For the better part of two years, I've said that smartphones will eventually transgress beyond simply being mobile devices, that they will eventually become a staple in all the personal computing average consumers do. And, in their own right, they already have. My smartphone is used just as much for work and entertainment as it is a source of information, whether I'm sitting behind a PC, waiting in a line or laying on my couch.
My smartphone is 100 percent, totally integrated with my life and the way I live it. However, manufacturers and consumers have only unlocked a small portion of the potential of pocket-sized machines.
First was the Padfone by ASUS. Customers who purchased the Padfone could separately buy a tablet dock for the phone, which was effectively a battery-powered, mobile display. Instead of using two totally separate devices to get more than one form factor, users could alter a single device by add-on accessories.
Later, in September of last year, Korean device manufacturer KT unveiled the Spider series, a smartphone that came with several add-on peripherals. First was a laptop dock, which basically turned the Spider phone into a small, Android-powered laptop and used the smartphone's touchscreen display as the trackpad. Like the Padfone, there was also a tablet dock available, and KT supplied a gaming dock.
Motorola experimented in the area some, too, with its Webtops and Lapdocks. Motorola Android smartphone owners could optionally purchase one of Motorola's docks to unlock a truly unique and extended experience. Early last month, though, Motorola announced it would be phasing out Webtops, which it blamed on the poor performance of the products. (That said, we would like to believe it had something to do with the Google acquisition and that it was in favor of a phase two product.)
Then, in February, along came Canonical into the Android realm, creators of the popular Linux distro known as Ubuntu, with a software-based approach. The team announced Ubuntu for Android, which allowed both operating systems to share the same kernel, file system and to run side-by-side. On a device with Ubuntu for Android installed, a typical version of Android will run. But dock the smartphone to an external monitor and connect a mouse and keyboard, and a full-fledged version of Ubuntu will appear.
Unfortunately, this project has yet to really take off. Canonical explained they would be working with manufacturers to get the software pre-installed on devices – free of charge. But nothing has come of it just yet.
Sadly, the few manufacturers who have dabbled in the area have faced very limited success for a number of reasons. Namely, pricing. Starting at $500 (for essentially a display, battery, touchpad and speakers), Motorola's docks were quite expensive. The 16GB Padfone originally ran for around $850, whereas the 32GB and 64GB models were $100 and $200 more, respectively. And while the KT Spider pricing it's easy to track down, no one ever expected a phone with three peripherals would ever be outrageously affordable.
No less, Samsung is keeping the smartphone-as-a-PC dream alive. Flying in under the radar, Phandroid's Quentyn Kennemer discovered on Wednesday that there is a unique accessory for the Galaxy Note II on Samsung's website. Dubbed Smart Dock, it is hardly different from your typical smartphone dock, save for the various ports that litter its outer edge. Along the left and right sides are a total of three USB ports for connecting peripherals, such as a mouse, keyboard or flash storage drive. The back has a full HDMI port, micro USB port and a 3.5mm headphone jack. And the Galaxy Note II pops into the front of the dock, which has a retractable cover for when it's not in use.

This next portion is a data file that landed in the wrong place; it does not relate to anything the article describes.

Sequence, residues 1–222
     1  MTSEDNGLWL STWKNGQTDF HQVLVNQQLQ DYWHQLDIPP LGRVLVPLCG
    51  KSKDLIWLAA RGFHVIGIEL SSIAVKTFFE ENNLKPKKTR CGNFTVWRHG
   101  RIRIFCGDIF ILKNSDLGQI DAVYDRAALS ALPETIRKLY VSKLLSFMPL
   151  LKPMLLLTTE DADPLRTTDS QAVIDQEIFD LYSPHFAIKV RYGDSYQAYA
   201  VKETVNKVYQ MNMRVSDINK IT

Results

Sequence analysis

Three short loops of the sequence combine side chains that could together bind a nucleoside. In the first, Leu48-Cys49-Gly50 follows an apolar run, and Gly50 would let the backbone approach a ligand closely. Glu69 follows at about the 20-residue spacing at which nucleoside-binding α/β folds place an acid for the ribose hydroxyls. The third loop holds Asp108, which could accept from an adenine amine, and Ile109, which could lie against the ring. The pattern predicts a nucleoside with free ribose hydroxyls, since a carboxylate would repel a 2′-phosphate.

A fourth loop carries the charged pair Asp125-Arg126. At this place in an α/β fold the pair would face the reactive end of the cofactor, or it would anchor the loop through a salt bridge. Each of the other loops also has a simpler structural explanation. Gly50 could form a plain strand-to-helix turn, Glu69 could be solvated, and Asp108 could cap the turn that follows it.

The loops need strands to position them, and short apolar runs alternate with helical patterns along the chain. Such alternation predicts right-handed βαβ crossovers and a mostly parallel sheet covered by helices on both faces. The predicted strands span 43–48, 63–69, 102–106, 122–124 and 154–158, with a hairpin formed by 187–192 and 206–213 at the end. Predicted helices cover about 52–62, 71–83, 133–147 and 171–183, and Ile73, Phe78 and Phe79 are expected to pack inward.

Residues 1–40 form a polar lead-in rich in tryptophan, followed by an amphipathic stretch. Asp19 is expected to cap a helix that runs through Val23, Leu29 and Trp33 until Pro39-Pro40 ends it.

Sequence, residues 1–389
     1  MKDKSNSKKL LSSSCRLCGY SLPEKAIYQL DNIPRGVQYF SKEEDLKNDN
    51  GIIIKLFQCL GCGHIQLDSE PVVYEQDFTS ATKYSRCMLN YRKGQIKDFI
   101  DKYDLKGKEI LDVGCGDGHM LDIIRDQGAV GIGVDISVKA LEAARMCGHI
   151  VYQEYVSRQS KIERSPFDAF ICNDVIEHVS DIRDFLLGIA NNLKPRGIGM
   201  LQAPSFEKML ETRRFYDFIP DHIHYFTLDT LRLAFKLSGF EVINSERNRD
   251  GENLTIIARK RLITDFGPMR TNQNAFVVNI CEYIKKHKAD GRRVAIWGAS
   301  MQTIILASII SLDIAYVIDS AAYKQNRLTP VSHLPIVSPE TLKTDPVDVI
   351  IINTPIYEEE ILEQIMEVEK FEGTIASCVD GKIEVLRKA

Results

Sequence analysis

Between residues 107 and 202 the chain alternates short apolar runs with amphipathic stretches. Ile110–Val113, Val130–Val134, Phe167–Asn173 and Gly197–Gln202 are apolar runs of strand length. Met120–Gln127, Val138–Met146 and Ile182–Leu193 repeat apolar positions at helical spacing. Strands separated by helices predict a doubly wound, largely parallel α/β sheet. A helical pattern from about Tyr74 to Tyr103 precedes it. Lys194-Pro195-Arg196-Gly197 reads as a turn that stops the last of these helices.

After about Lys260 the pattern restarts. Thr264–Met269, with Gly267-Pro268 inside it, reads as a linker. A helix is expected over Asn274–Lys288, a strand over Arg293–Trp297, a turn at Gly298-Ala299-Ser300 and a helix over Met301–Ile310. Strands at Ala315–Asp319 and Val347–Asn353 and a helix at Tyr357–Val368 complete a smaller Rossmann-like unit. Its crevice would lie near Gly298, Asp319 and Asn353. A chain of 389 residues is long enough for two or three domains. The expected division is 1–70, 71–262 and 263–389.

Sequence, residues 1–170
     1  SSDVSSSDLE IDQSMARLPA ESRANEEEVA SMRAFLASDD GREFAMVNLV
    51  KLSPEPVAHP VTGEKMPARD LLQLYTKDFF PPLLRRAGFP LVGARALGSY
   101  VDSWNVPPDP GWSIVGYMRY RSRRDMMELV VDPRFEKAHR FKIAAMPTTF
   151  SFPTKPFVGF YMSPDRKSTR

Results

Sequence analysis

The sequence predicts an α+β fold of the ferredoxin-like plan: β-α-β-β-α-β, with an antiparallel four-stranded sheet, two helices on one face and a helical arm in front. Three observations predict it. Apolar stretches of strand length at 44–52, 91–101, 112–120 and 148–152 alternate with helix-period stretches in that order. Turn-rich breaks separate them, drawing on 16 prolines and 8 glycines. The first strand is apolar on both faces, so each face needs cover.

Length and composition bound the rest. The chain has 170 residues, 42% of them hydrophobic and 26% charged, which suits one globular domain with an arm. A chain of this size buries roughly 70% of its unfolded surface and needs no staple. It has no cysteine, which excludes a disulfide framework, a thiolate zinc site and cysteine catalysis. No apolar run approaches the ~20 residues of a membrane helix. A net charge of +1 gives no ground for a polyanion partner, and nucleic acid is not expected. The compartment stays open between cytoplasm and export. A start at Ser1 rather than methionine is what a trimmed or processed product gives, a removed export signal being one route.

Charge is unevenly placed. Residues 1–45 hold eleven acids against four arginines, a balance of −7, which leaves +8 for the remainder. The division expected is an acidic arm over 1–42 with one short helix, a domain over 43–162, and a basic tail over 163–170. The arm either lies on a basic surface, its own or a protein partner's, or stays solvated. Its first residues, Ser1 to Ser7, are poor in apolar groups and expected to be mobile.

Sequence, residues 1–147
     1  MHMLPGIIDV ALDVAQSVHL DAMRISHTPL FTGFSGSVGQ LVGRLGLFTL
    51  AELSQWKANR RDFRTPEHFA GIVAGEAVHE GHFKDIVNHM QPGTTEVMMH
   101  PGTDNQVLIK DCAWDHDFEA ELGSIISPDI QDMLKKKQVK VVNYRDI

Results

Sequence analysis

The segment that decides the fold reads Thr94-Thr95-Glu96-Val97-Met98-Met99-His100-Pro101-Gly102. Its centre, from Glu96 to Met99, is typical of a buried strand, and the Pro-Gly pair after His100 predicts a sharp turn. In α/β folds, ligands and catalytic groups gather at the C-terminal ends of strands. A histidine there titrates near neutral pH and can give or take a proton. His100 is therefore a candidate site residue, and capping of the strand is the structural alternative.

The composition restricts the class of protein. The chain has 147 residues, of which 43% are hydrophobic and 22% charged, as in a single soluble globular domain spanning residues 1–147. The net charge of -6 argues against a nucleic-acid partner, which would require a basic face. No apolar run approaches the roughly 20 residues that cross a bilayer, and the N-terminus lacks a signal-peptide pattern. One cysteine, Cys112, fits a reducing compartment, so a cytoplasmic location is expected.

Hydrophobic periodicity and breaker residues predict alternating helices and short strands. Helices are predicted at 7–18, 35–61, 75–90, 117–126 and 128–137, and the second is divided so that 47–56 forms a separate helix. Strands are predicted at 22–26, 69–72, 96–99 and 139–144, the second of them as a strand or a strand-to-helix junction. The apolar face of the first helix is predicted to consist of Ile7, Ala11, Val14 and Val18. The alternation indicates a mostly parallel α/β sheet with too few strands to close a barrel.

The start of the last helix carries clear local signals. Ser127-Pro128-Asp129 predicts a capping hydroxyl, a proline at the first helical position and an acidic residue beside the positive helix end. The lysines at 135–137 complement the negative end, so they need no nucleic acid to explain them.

In essence, paired with the proper monitor (or television, if that's your style), this dock turns your Note II into a desktop PC of sorts. And although it may be a tad overpriced at $99.99 (which actually isn't all that much more than most standard smartphone docks that don't do anything but charge), it's quite a neat accessory. It's perfect for those who want a larger display yet don't feel the need to power up their old tower PC when they get home to just browse the web. And, theoretically, it's perfect for people like me, who like to push their smartphones to the limit.
(For the record, if you're really frugal, you could just buy an MHL adapter, a Bluetooth keyboard and mouse and do exactly the same thing for a fraction of the price. But part of the price tag on this piece of kit is the ease of use. Dock the phone and have all the peripherals already plugged in and ready to go.)
But for $99.99, I would hope this device does at least a little more than output HDMI straight from your Galaxy Note II. At the very least, I would hope it translates the output interface to the tablet-optimized interface so games and applications are optimized for a larger display. It needs the finesse of a landscape home screen and multi-paned interfaces, not blown-up smartphone applications.
If nothing else, it will be great to keep around in the case Ubuntu for Android finally arrives. Just imagine Ubuntu for Android running on the Galaxy Note II. I'm drooling already.
I would be readying my credit card to buy one, but the site currently lists the device as out of stock. Once it's finally available, I may have to take the plunge and see just how great this dock works in practice. What say you, ladies and gents? Does the Galaxy Note II Smart Dock interest you at all? Or would you rather use a tablet or laptop for your more extensive computing needs?